The goal of small talk is to establish enough common ground to determine a reason to connect again.

Keeping a conversation rolling is simple when you learn to listen and ask appropriate probing questions that naturally grow from the dialogue. You only need to prepare a couple of questions in advance. If there is a genuine connection, then you can proactively engage in conversation.

There is a balance between too much and too little business talk. If you don’t talk business at all, you may miss an opportunity to communicate who you are, what you do, and what you have to offer and that you are competent in your field. There are some people who you can know for years and never hear them talk about work. You assume they are retired or not interested in more clients.

Match the depth of dialogue to the environment

You don’t want to let people overhear confidential or inappropriate information. Plus, talk that is too deep at business functions can lead to heated conversations. Over-heated conversations can quickly be subdued by merely making a statement that offers little room for a rhetorical comment. This tactic will diffuse the situation quickly and without incident.

For example, say with a smile, “Well, that’s one issue we’re not going to solve over lunch,” or close the conversation with “I understand your perspective,” minus the “but” that would aggravate the situation.

You won’t win points for always having to be right. You may win the debate while making someone else look bad, but in the end, you’ll make yourself look worse. You will, however, earn points for having social graces if you are the bigger person and cool potentially fiery situations.

You have to know when to let go and kill the discussion even if you believe you are correct on the issue. In the grand scheme of things, we must value the opinions of others and accept that it is not essential to win every debate. The last thing you want to do is to appear as the know-it-all who must end conversations as the perceived winner.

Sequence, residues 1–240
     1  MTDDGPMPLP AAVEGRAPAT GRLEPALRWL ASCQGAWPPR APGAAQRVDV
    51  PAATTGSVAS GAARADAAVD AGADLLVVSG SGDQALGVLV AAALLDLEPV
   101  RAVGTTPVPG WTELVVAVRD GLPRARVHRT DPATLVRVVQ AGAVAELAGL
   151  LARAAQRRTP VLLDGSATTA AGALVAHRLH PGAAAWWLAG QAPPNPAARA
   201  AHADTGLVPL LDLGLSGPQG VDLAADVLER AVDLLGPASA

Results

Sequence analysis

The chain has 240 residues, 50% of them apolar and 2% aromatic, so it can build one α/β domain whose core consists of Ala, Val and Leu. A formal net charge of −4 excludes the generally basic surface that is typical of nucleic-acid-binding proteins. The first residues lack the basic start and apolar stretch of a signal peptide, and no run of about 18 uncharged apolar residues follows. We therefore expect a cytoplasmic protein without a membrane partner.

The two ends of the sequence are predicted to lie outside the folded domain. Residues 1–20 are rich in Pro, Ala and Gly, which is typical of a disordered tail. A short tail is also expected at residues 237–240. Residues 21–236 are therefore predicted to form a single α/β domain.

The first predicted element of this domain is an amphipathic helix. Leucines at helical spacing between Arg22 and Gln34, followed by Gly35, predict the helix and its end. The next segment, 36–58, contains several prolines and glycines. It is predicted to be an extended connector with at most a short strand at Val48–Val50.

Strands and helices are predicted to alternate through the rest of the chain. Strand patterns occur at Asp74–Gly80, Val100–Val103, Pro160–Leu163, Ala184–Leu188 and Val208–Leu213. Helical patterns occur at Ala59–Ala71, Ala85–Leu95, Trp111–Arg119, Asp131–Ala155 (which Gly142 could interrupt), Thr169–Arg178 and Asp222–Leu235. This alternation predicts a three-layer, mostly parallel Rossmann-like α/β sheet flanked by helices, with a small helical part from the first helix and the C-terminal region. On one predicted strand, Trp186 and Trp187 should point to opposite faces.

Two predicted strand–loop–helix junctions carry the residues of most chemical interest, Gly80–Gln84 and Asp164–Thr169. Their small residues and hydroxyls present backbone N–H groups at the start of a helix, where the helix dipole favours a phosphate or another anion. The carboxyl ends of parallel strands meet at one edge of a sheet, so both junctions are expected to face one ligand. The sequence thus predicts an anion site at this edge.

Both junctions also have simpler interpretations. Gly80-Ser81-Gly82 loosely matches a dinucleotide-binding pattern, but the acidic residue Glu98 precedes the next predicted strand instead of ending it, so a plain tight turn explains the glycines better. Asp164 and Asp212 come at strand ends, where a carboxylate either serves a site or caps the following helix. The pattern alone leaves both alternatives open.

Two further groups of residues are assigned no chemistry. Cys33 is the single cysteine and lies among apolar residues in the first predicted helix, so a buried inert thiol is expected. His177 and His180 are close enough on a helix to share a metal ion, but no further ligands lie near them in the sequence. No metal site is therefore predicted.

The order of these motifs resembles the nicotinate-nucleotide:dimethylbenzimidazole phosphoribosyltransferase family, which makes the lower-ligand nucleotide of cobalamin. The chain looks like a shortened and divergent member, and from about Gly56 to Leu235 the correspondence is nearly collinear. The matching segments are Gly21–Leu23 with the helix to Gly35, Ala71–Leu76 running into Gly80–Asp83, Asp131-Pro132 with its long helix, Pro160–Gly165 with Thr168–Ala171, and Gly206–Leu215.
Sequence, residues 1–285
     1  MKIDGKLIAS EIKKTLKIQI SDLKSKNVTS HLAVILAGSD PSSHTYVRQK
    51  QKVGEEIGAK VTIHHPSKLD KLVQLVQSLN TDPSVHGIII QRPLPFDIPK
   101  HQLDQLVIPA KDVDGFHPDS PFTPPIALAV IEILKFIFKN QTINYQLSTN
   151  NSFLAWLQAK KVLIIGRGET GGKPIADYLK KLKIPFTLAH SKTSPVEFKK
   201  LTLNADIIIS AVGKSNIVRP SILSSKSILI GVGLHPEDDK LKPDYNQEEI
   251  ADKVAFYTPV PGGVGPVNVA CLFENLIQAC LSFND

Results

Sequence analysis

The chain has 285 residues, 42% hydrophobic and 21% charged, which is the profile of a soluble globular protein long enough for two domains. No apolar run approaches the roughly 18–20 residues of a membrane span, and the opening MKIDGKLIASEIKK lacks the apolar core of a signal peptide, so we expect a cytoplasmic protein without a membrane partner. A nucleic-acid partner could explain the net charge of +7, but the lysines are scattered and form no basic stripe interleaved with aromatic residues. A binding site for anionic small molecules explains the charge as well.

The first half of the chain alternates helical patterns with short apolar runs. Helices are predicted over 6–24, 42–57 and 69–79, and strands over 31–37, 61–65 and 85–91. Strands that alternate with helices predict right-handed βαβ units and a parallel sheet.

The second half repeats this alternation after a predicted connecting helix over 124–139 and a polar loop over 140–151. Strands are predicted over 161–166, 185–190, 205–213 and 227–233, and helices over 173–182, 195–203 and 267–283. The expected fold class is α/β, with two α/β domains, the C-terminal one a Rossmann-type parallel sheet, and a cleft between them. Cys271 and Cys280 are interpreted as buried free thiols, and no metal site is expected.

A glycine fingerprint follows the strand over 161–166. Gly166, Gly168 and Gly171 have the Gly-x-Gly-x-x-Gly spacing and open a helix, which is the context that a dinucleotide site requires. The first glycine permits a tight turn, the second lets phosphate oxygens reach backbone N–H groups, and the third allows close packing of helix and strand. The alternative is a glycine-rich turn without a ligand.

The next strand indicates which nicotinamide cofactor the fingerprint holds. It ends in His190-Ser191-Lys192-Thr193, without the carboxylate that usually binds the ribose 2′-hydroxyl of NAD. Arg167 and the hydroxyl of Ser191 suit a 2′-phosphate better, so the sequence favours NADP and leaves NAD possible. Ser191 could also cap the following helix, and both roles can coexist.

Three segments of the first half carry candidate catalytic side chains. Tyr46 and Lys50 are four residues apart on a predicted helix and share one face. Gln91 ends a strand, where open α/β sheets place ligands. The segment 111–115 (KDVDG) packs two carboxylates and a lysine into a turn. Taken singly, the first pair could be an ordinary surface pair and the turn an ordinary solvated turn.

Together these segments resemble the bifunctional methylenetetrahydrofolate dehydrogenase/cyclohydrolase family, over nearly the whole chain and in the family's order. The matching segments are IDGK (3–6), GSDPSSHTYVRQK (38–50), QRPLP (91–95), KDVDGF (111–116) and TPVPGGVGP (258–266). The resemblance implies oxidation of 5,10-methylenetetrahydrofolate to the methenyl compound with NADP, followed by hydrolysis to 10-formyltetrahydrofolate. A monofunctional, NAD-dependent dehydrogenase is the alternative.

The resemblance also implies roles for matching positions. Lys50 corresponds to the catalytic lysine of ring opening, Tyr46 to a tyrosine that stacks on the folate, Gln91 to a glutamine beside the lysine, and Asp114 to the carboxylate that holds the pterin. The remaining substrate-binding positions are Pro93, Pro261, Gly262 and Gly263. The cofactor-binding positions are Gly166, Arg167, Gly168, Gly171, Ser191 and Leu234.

How you make people feel will be remembered

When it comes to small talk, don’t think you must say something amazingly insightful each time you speak. People will likely forget your words but will remember how you made them feel.

No doubt, small talk can get a little dull after a while. So, take it upon yourself to make it enjoyable. To prepare for conversations, rely on FIRE (described above). These will make it easy for you to swing an otherwise stale conversation into one that makes you a genuinely enthusiastic conversationalist.

Have you ever been in a conversation that wasn’t clicking, then suddenly the mood changes, and you both have a smile on your face as the conversation starts firing on all cylinders? That’s because you found common ground. It occurs when two people have an interest in the same topic.

By determining in advance what interests you, half of the equation for stimulating conversation is complete. Now your job is to guide the conversation from topic to topic. Your goal is to solve the foremost half of the equation: What’s of interest to your new contact?

You need to be good at this!

The real key to great conversations is to relax. Let the conversation flow naturally. That’s easiest to do when you’re fully engaged and genuinely interested in the conversation topic and the person with whom you are talking.

When you make small talk, you are primarily selling the one thing that you are the premier expert on: you. Since you are typically the reason that you will eliminate your competition and win the deal, you should practice it until you are extremely good at it.

Header photo Conversation by Sharon Mollerus on 2006-05-17 10:08:20

One Reply to “Are You Able to Make Small Talk?”

Leave a Reply

%d bloggers like this: